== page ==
Police Commissioner Raymond W. Kelly said that a suspect's recent escape from a police interrogation room in the Bronx amounted to "gross negligence" on the part of the detectives guarding him. Kelly ordered a review of how people in custody are handled in more than 100 police buildings.
Jose Santiago, a suspect in 16 sexual attacks in New York City, simply walked out of an unlocked first-floor interrogation room of the Special Victims' Squad, past a uniformed officer and into the street. The man, who had been brought in for questioning about the sexual attacks, was left alone in the interrogation room with handcuffs off, the police said.
It was at least the sixth episode of someone's escaping from the authorities this year, five of them in the last six weeks.
The police said that Mr. Santiago, 33, last lived on East 179th Street in the Bronx. They were able to identify him through fingerprints from a table he touched in the interrogation room, one police official said, and the prints matched a record of his arrest from Dec. 8 on a charge of unauthorized use of a motor vehicle.
The two detectives who were questioning him on Monday looked at a photograph of Mr. Santiago taken when he was arrested in December and confirmed that he was the escapee, the police official said. Mr. Santiago had twice been convicted of a crime, the police said. In 1992 he was convicted of third-degree sex abuse, and last year of grand larceny theft, the police said. Mr. Kelly said that the police were awaiting the results of DNA tests of a saliva sample the suspect had provided. The police have matching DNA evidence in all but one of the sexual attacks between March 5, 1997, and Feb. 26 of this year.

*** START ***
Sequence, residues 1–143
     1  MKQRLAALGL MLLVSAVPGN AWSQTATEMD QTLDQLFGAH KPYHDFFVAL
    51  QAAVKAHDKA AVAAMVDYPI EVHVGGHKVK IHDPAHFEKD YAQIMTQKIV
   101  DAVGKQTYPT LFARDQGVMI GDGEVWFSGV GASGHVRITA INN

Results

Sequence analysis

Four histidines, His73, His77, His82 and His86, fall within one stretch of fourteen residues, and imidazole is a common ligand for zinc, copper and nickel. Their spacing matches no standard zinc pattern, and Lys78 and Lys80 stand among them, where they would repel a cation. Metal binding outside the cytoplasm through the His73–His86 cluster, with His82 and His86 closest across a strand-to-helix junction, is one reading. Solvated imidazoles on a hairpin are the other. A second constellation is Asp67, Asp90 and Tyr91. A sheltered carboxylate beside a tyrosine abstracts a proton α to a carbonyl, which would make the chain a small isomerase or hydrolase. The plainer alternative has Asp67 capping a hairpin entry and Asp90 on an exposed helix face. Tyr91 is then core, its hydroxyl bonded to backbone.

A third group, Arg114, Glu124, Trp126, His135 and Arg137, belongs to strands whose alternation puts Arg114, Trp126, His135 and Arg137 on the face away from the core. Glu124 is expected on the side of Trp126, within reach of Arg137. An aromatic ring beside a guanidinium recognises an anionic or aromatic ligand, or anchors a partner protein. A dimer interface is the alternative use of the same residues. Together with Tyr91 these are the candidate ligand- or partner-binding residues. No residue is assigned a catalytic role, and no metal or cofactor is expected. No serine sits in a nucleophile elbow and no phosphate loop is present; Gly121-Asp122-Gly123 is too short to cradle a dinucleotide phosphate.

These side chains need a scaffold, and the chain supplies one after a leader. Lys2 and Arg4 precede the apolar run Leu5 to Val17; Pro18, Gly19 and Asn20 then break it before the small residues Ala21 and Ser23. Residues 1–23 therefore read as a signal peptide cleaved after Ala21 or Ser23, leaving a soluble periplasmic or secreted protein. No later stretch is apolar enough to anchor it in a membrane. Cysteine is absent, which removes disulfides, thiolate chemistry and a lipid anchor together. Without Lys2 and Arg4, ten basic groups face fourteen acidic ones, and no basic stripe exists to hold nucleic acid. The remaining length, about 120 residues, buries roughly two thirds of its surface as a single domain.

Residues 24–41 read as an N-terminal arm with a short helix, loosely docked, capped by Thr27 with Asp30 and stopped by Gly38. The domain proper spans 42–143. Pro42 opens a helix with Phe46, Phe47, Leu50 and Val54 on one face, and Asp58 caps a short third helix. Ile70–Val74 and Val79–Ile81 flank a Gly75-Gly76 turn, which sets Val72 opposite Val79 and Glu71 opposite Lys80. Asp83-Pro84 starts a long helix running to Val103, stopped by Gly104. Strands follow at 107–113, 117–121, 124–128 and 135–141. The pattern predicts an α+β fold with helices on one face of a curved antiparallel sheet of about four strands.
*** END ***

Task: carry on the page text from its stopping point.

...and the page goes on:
In response to the escape, Mr. Kelly said that senior police officials would address patrol officers on every shift in every command around the city on the importance of adhering to the department's policies on securing those in custody.
"I think there were significant lapses there, no question about it, no excuses for it," Mr. Kelly said yesterday at a City Hall news conference. "I've ordered a thorough investigation of the circumstances surrounding that escape."
Mr. Kelly said he had ordered an examination of all police facilities where suspects or prisoners are questioned or kept. And, he said that the two detectives who were guarding the prisoner would be disciplined. The detectives, whom the police declined to identify, will probably lose up to 30 vacation days and could also be transferred from their current assignments, another police official said.